Fabric.

He leaned forward until his lips were nearly touching her ear, growling, “You are wearing too many clothes.”

Grinning, she curled her arms around his neck, twisting her fingers into the hair at his nape. “What are you going to do about that, Your Highness?” she retorted, tugging his hair just enough to bare his neck, and she nuzzled the chiseled line of his jaw. When he chuckled, she retaliated by capturing his earlobe, pulling the soft flesh between her lips.

The sound he made might have contained words—curses or prayers—but they weren’t in any way recognizable. And it certainly wasn’t a laugh.

“Vixen.”

She giggled. “It’s the hair. I can’t help it.”

His eyes met hers, and just for an instant she was frozen by the intensity of the emotion she saw there. Which was, evidently, his plan all along. His roguish plan. Because one moment she was gazing rather helplessly into his eyes, and the next she was once again flat on her back, with her tunic pulled up over her head, and just as swiftly flung to the floor. She blushed, and then splayed her hands protectively over her belly. Sebastian’s gaze followed the motion, and she saw his expression darken, turn sad.

“The Arishok?” he asked, running his fingers over a scar much longer and much, much uglier than the one at his breast.

“And Amelle,” she said, flattening her palm over the faint ripples of very old burn-scars. “When we were young. It was an accident. Papa—Papa did what he could.”

She had long since grown used to her scars—she hardly noticed them anymore—but with him looking down at her it was almost as if they were new again, and she turned her face away, her cheeks hot.

“Kiara,” he said softly, reaching down to touch her face. After a moment, he used the caress to turn her countenance back to his.

“I know they’re—”

“No,” he interrupted. “They’re you. And you are perfect.”

She rolled her eyes, but he only shook his head. “If you could see what I see, love, you’d understand.” He was straddling her now, but sitting back on his heels, careful to keep the full weight of his body off her legs. He was looking at her again, his blue, blue eyes missing nothing. Capturing one of her hands, he raised it to his lips, kissing each fingertip before turning it over and pressing his mouth to the center of her palm. “You are beautiful.” Higher then, to the pulse at her wrist, and then to the inside of her elbow. She shuddered. “Strong.” Bending at the waist, he continued his path by lowering his mouth to the slight dip where her shoulder and collarbone met. “Brave.” His tongue lapped at the hollow of her throat, before once again turning to the familiar territory of her neck and jaw. She heard him laugh slightly before he repeated her trick with the earlobe, and she moaned as every bloody nerve in her body started singing at the heat and presence of him. “Perfect.”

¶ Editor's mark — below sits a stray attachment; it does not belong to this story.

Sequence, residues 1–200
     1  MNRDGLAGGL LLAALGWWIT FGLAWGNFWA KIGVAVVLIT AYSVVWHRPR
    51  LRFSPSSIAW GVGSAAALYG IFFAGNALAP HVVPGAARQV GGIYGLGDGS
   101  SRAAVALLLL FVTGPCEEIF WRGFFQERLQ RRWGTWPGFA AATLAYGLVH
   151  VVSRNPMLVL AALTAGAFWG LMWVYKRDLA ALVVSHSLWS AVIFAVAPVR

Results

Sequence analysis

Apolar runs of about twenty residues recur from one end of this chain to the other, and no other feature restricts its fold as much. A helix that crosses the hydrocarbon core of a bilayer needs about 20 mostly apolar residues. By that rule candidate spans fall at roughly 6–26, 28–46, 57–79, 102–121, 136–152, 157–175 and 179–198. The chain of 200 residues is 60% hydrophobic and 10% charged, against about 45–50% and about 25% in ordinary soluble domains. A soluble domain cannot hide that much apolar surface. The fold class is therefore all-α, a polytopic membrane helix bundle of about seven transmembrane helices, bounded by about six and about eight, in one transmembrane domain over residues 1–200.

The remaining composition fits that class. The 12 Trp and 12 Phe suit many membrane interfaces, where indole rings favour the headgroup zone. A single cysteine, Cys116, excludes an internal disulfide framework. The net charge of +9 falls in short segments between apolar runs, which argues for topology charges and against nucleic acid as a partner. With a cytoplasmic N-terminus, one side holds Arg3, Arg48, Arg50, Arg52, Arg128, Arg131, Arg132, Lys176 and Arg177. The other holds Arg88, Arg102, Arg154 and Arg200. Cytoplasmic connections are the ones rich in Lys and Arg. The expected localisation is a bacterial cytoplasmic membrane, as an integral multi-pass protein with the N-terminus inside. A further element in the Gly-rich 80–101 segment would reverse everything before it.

She caressed his waist, his ribs, dragging her blunt fingernails down his back until she could pull at his hips. “Sebastian,” she whispered. “Take these off.”

The noise he made hinted at assent, but he didn’t immediately oblige her. Bringing his hand to her cheek once again, he tilted her face so he could kiss her deeply, pulling yet another whimper from her parted lips. His tongue was as nimble as his fingers, and the fingers were working nearly as hard, cleverly unlacing her breastband. She gasped when the scrap of fabric followed her tunic, and her bare, over-sensitized skin brushed against his warmth and the soft hair of his chest.